WCO cast shines brightly in Beethoven’s fascinating “Leonore”
When Beethoven composed Leonore, he did not know it would be his only opera. Disappointed by the work’s failure, Beethoven revised it repeatedly over the course of the following decade, finally settling on the version known as Fidelio in 1814. In a local first, Antony Walker led a performance of the 1805 original with his Washington Concert Opera Sunday evening at Lisner Auditorium.
As Beethoven’s first draft in reaction to Pierre Gaveaux’s Léonore, revived in its modern premiere by Opera Lafayette last month, this 1805 Leonora is worth revisiting. The experience made clear that Beethoven had jettisoned some wonderful music in shortening the opera from three acts to just two, but that some of the changes were definite improvements.
Soprano Marjorie Owens was a major discovery when she starred in Strauss’s Ariadne auf Naxos at Wolf Trap Opera in 2008, and her voice has blossomed in the intervening years. In the title role she was intense and refined, an aristocratic presence with a voice of silken softness as well as laser-focused volume that sailed over the massed instruments and chorus. Her Act II showpiece, “Abscheulicher… Komm, Hoffnung,” complete with a sort of accompanied melodrama introduction, was a dramatic highlight. The only shortcoming was a slight lack of agility in melismatic passages.
As Florestan, tenor Simon O’Neill brought the same heroic power he displayed in the role in the concert version of Fidelio heard from the National Symphony Orchestra in 2012. That vocal quality, a certain leathery toughness, communicated the nobility of the character, the revolutionary’s political inflexibility.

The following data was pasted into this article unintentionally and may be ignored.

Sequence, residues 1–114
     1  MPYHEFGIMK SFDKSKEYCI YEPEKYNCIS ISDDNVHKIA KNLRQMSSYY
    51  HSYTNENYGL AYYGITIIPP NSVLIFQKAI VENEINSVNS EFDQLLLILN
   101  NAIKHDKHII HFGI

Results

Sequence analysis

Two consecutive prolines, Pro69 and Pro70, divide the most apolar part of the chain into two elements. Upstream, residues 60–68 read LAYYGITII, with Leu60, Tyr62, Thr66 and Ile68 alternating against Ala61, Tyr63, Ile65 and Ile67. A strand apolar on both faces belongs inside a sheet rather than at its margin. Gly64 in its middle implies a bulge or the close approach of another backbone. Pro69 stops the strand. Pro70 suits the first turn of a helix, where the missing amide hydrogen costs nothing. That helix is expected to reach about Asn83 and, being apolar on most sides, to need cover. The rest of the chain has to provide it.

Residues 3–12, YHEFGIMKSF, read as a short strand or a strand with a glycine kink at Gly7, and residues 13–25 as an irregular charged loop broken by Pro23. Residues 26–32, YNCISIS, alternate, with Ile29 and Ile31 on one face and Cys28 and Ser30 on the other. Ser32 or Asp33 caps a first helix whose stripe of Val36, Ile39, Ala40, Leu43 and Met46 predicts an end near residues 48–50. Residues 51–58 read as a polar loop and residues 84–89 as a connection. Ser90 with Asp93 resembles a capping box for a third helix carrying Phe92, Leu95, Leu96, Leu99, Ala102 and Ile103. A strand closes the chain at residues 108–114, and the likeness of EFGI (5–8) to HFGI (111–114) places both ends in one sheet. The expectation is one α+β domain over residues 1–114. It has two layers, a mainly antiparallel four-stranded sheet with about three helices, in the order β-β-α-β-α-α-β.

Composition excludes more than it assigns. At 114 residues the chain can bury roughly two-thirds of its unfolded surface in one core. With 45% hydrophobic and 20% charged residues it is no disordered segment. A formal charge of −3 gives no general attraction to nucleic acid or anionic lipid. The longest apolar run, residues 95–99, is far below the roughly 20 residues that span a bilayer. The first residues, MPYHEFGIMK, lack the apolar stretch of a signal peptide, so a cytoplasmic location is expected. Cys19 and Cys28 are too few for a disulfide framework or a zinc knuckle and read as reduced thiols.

The rest of the cast was also fine, beginning with the happy return of soprano Celena Shafer, not heard with Washington Concert Opera since a stunning turn in the title role of Massenet’s Esclarmonde in 2005. Having taken a long break from performing to raise her children, Shafer was still in powerful and beautiful voice as Marzelline, the jailer’s daughter. Alan Held and Eric Halfvarson were reunited, a year after Washington National Opera’s Ring Cycle, as a venomous Don Pizarro, who has imprisoned Florestan, and Rocco, the good-hearted jailer.
Promising young singers made excellent contributions in the smaller roles, too. Jonas Hacker showed an attractive tenor voice and sure musical instincts in the comic role of Jaquino and as the First Prisoner in the Prisoners’ Chorus. Rising bass Nicholas Masters displayed considerable vocal gravitas as Don Fernando and the Second Prisoner.
Walker clearly believes in this first version of the opera, and the ensembles that Beethoven cut were all worth reinstating. At the same time Beethoven made other decisions with good reason, beginning with the original overture. Starting off with a sour unison, the orchestra did not help its case, and the over-reliance on tense harmonic shifts and dramatic crescendi only underscored the overture’s excessive length.
Solos for violin and cello in the Act II duet between Marzelline and Fidelio suffered from lapses of intonation and rhythmic unity, but the four horn players played their crucial parts with admirable accuracy and subtlety. The orchestra was also not quite together, especially in the strings, in the introduction to Florestan’s prison scene in Act III.
It was a nice gesture to have the chorus come to the front of the stage for some of its parts, especially as the prisoners seeing the light for the first time in the famous Prisoners’ Chorus. An assistant conductor placed at the back of the hall did his best to coordinate these scenes by mirroring Walker’s beat. Yet bringing out the entire chorus for the finale, which is actually stronger in Beethoven’s original version, had the unfortunate side effect of drowning out the orchestra and the soloists.
Washington Concert Opera will devote its next season to bel canto opera, with performances of Bellini’s La straniera in November 2017 and Donizetti’s Maria di Rohan in February 2018. concertopera.org; 202-364-5826.